Churchgoing Christians who support same-sex marriage are more likely to think pornography, cohabitation, hook-ups, adultery, polyamory, and abortion are acceptable. And it’s reasonable to expect continued change in more permissive directions.
If we hope to protect the unborn, promote sexual integrity, preserve the truth about marriage, and defend the freedom of religious conscience in our country, we cannot simply live good lives—we must live heroic ones.
Provided agencies meet basic requirements protecting the welfare of children, they should be free to operate according to their values, especially their religiously informed beliefs about marriage. New legislation introduced this week would protect this right.
Opportunity is not merely the absence of artificially imposed impediments. It is also the capacity to pursue happiness, individually and in community. Adapted from the 2014 Index of Culture and Opportunity.
Although we disagree with each other about the nature of marriage, we are united in the conviction that it is an issue on which reasonable people of good will can and do reach divergent conclusions.
Part four of a continuing exchange between Doig and George on the meaning and purpose of marriage.
Part three of a continuing exchange between Doig and George on the meaning and purpose of marriage.
George replies to Doig’s criticisms of George’s arguments regarding marriage. The second in a week-long exchange.
What’s wrong with a long-term committed child-rearing same-sex relationship? Nothing, says Jameson W. Doig. The first in a week-long exchange with Robert P. George.
Contra Justice Ginsburg, the Hobby Lobby decision is no cause for alarm. Yet we should acknowledge and address a fear she highlights: the serious obstacles women face today in the realms of sex, marriage, and parenthood.
The Australian Study of Child Health in Same-Sex Families has been getting copious positive press coverage. Unfortunately, it has some serious methodological weaknesses—it studies only the lives and experiences of the LGBT elite.
Dostoyevsky prophetically depicts the notion of family as determined not by nature but by consent—an idea that has come to dominate our modern society.
Today, we face a movement to accomplish on a societal level what those who embrace morally condemned behavior have always sought as individuals: rationalization.
Proponents of same-sex marriage haven’t won in the arena of ideas—they have won through manipulation and intimidation. Those who oppose them must speak up.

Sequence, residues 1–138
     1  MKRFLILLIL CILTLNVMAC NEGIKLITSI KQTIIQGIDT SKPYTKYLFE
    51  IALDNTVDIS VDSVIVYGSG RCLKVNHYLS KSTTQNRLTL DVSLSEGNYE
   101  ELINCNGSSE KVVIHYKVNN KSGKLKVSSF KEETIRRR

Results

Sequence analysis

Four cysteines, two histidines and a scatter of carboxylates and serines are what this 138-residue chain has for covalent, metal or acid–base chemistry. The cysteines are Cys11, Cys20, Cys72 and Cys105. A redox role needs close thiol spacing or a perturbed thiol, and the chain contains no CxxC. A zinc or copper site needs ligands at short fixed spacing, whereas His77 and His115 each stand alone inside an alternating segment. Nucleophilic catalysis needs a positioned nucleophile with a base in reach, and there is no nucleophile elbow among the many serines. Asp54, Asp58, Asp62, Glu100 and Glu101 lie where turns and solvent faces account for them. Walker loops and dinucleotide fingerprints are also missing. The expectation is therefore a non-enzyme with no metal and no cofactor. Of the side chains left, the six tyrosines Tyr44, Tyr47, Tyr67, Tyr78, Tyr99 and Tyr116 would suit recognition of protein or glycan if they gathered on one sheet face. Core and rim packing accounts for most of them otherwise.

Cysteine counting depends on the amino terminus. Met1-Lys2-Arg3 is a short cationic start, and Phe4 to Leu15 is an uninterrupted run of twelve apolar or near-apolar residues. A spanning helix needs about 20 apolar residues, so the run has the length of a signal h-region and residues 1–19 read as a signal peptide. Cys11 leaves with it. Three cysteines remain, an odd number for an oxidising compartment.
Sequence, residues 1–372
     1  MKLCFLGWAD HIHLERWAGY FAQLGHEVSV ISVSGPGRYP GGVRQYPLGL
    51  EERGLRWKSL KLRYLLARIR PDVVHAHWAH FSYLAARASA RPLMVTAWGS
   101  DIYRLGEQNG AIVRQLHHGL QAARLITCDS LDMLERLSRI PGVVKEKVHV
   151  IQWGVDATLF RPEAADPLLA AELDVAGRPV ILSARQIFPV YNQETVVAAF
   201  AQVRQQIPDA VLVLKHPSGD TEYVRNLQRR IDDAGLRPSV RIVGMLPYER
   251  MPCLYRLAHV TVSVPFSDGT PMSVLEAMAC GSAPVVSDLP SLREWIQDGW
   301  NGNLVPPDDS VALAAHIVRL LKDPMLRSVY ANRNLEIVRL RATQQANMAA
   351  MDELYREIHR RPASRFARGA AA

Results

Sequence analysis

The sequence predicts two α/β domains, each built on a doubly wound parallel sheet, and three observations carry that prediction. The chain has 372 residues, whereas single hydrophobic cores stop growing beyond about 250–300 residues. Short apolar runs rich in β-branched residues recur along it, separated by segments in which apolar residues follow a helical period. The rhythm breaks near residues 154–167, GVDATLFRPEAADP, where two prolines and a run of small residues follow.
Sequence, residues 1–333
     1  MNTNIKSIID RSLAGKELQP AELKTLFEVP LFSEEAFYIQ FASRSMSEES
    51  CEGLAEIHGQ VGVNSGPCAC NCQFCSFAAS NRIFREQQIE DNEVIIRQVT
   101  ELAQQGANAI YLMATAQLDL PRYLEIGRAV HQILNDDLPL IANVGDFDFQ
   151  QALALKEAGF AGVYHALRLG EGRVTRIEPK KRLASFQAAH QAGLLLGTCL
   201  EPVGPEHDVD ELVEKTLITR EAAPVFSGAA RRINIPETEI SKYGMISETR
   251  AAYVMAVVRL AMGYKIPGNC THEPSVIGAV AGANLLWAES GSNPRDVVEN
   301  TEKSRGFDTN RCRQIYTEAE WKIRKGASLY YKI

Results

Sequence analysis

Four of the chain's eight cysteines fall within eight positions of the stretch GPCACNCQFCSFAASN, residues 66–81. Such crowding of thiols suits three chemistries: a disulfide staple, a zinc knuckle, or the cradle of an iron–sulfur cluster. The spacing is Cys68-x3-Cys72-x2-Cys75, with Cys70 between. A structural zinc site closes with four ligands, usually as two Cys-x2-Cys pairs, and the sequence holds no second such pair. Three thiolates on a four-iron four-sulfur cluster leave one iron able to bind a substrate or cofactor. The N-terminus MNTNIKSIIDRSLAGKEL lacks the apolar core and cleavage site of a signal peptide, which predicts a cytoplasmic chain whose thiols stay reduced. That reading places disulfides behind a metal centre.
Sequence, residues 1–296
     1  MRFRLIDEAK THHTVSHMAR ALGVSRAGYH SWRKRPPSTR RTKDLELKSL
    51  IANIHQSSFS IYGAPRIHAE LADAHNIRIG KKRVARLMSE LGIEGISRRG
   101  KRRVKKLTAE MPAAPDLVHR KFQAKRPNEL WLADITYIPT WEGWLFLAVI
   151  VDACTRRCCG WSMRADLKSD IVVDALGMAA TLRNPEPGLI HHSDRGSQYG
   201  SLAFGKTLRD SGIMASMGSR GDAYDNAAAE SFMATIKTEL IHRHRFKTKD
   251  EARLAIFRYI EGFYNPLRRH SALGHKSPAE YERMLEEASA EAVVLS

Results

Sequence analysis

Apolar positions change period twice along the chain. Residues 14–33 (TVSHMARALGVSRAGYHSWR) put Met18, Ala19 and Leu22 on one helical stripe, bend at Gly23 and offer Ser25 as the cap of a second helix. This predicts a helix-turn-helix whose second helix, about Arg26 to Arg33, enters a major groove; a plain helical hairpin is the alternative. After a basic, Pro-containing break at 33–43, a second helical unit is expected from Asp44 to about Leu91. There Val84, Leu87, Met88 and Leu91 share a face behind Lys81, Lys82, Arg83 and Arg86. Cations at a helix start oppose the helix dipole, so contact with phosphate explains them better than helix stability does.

If healthy marriage is the basis of a strong society, it is worth every effort to strengthen it. Marriage education should supplement other efforts to address social problems.
The University of Notre Dame is unwilling to bear an “uncompromising witness,” as Pope Francis challenged it to do, to the moral truths of marriage and sexuality. This is a subtle but certain pastoral failure on the university’s part.
Conservatives must defend marriage for both principled and practical reasons. The Republican Party cannot surrender the cause of marriage without also surrendering the cause of life.
The only form of marriage that existed before the fall was between one man and one woman. The narrative trajectory of the Old Testament shows that all other versions were the result of sin.
The lifelong, unbreakable chords of fealty and identity that family members possess for each other depend upon the biological matrix created by the marital union of man and woman.
To restore loving family life to the heart of our culture, we must begin with ourselves—one family, one person at a time.
People with same-sex attraction do not need to be “fixed”—they need genuine, authentic friendship.
Conservatives need to face the fact that a significant contingent of women will remain single. We need to start addressing what it means to live as a single, religious, educated woman in our society.
It’s common to worry that the internet is isolating us. But could it also be helping to create new forms of community?
Trying to silence others because one fears what they might say is no way to learn. And it is no way for a university to be a university.
Americans’ acceptance of President Obama’s lies reveals how dangerously comfortable we have become with dishonesty. It will take a profound renovation of our culture to restore truthfulness to its proper place and establish political freedom on a more secure foundation.
Republicans should not try to tell women what they or their families need. The best way to defuse the work-family problem is by sympathetically acknowledging its reality and promising women that they will work to open a wider variety of educational and professional alternatives for them.
State lawmakers should make it clear that religious and moral reasons are rational and legitimate, and that property owners may act or refrain from action in obedience to conscience.